1. Set your priorities. Before hiring someone to design your project’s outdoor spaces you need to make two lists: a) what you want, and b) what can be done on the site. These aren’t necessarily mutually exclusive, but the exercise is important for setting priorities. It would be foolish to spend big bucks on an outdoor water fountain before resolving potentially disastrous issues such as drainage problems or other cost inhibitors.

     

    1. Hire a professional landscape architect. One of the best ways to avoid costly mistakes is to hire an experienced and licensed professional landscape architect to design a master plan, which not only helps you visualize the possibilities, but also maps out the steps to achieve them —and get it right the first time. A master plan also helps understand where the money goes, which isn't always where you can see it.

     

    1. Invest in "maximum value" features. Start by understanding who your user demographic will be. Consider which features will get the most use or provide the most enjoyment to those targeted users. For example, it might be an outdoor patio that serves as an extension of the indoor space for a good portion of the year. Or it could be a fully functional outdoor BBQ/lounge area with seating, shade canopies and heat lamps to be enjoyed after work or end of day.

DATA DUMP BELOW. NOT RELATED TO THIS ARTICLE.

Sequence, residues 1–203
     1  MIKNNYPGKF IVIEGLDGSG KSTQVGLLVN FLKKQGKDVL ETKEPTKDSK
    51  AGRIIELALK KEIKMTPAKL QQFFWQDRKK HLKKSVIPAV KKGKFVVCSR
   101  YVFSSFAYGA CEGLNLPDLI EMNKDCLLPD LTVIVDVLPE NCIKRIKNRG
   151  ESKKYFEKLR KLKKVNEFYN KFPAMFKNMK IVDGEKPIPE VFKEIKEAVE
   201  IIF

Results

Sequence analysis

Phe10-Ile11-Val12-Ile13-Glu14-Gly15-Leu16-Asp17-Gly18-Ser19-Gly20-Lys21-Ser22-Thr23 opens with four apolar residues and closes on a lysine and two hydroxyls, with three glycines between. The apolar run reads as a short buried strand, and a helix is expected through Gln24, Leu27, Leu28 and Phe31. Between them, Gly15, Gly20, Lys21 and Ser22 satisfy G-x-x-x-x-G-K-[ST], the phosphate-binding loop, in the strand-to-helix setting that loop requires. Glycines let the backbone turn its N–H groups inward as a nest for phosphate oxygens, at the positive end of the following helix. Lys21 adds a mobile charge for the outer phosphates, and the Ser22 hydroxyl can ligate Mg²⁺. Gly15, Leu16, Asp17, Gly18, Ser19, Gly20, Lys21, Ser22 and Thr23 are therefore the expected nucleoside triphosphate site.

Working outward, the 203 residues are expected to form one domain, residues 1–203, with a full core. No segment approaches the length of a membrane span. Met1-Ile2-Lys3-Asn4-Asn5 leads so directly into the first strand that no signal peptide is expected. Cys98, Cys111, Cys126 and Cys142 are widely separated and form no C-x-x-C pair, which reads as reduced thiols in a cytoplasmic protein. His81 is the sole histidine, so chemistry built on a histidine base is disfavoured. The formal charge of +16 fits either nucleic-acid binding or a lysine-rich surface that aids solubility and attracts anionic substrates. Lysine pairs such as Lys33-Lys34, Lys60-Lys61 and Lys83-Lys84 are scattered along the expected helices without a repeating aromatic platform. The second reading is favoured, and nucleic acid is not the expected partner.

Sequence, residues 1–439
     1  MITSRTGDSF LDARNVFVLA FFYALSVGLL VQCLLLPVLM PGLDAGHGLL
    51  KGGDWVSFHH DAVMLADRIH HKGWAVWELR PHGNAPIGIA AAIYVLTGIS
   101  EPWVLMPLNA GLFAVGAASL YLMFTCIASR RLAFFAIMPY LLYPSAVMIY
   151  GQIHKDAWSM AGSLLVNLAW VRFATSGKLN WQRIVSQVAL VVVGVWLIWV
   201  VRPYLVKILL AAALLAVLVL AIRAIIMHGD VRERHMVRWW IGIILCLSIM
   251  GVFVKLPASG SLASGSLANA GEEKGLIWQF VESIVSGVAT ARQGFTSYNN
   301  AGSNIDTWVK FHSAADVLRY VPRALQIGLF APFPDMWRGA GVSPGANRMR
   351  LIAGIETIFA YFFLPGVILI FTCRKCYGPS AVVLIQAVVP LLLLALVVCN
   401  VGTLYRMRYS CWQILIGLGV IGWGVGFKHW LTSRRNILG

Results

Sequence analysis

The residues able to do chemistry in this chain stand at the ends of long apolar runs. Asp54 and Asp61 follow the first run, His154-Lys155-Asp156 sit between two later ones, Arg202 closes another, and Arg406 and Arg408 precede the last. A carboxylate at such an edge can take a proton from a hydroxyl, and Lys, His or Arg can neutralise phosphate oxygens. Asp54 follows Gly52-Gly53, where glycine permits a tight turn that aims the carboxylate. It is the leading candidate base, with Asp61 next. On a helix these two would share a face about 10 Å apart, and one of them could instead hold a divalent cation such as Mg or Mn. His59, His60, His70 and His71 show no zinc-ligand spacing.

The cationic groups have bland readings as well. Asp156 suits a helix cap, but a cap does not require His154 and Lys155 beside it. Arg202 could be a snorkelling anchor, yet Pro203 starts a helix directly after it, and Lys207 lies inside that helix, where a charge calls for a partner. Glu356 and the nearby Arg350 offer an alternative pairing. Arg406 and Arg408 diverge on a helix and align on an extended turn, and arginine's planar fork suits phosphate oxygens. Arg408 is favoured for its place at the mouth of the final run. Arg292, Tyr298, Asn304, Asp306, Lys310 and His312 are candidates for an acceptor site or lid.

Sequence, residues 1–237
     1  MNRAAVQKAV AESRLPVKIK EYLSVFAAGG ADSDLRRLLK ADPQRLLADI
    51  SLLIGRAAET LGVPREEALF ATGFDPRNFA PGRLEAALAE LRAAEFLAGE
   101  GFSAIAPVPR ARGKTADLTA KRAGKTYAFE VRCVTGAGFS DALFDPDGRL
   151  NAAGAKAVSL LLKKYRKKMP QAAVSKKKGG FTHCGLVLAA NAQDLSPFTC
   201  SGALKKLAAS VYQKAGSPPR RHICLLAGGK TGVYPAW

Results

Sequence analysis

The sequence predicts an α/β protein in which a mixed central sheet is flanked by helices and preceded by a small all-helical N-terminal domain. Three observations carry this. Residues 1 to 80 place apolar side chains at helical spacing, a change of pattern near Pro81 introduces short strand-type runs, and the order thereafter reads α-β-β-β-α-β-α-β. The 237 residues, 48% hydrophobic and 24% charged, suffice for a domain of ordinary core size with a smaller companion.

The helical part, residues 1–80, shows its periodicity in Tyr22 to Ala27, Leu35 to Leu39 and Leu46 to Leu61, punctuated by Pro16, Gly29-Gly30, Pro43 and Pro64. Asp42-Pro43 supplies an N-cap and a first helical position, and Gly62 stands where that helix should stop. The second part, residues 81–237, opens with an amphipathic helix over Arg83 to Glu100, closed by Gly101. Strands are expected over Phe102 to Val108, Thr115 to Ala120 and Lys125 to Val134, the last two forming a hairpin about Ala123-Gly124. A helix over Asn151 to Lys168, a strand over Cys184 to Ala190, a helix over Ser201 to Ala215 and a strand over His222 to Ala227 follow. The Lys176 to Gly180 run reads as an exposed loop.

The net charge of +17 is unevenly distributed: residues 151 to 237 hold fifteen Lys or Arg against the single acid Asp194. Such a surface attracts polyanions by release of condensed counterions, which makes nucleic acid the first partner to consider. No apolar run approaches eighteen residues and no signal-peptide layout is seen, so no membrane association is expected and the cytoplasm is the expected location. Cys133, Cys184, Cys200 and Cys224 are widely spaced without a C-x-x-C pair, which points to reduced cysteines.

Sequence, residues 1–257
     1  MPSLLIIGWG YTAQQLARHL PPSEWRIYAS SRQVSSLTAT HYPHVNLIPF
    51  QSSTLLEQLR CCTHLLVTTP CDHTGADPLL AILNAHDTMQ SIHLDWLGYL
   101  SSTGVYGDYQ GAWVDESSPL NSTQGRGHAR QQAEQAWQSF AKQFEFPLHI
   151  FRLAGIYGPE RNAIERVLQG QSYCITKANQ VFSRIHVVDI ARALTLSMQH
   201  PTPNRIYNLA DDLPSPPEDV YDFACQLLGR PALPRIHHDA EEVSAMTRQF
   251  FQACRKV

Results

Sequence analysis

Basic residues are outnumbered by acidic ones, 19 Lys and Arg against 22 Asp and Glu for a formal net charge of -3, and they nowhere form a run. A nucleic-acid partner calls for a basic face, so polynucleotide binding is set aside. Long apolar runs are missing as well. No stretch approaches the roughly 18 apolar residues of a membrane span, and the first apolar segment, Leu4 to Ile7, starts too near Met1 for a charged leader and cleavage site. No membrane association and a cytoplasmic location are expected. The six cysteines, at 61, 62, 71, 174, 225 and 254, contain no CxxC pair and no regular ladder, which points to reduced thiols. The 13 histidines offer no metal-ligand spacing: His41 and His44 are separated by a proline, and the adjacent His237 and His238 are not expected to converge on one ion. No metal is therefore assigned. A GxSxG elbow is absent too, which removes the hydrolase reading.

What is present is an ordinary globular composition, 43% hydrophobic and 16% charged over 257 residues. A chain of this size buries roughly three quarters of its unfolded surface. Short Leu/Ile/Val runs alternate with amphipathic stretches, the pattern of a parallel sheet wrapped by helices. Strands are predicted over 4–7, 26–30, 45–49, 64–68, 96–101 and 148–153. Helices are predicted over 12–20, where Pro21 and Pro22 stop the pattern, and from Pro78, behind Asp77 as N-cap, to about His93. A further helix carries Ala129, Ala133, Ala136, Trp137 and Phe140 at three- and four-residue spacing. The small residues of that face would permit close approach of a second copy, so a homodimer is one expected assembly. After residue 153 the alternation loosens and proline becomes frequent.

1. Consider the return on investment. When prioritizing your needs and wants, ask yourself these questions: What will be the long-term maintenance costs? Does it make financial sense to do everything at once or in phases over several years?

     

    In closing

    Every architectural design project is unique, with a particular set of landscape design needs. At Loft 6/4 we are specialists in innovative and highly creative landscape architectural design in the state of Utah and surrounding western states. We know exactly what it takes to engage customers through beautifully planned, executed and maintained outdoor site and landscape experiences.
     

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    Tags: Landscape Architecture

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    Brandon Reed

    Brandon Reed

    I help top level architects and developers create landscapes that elevate the human experience.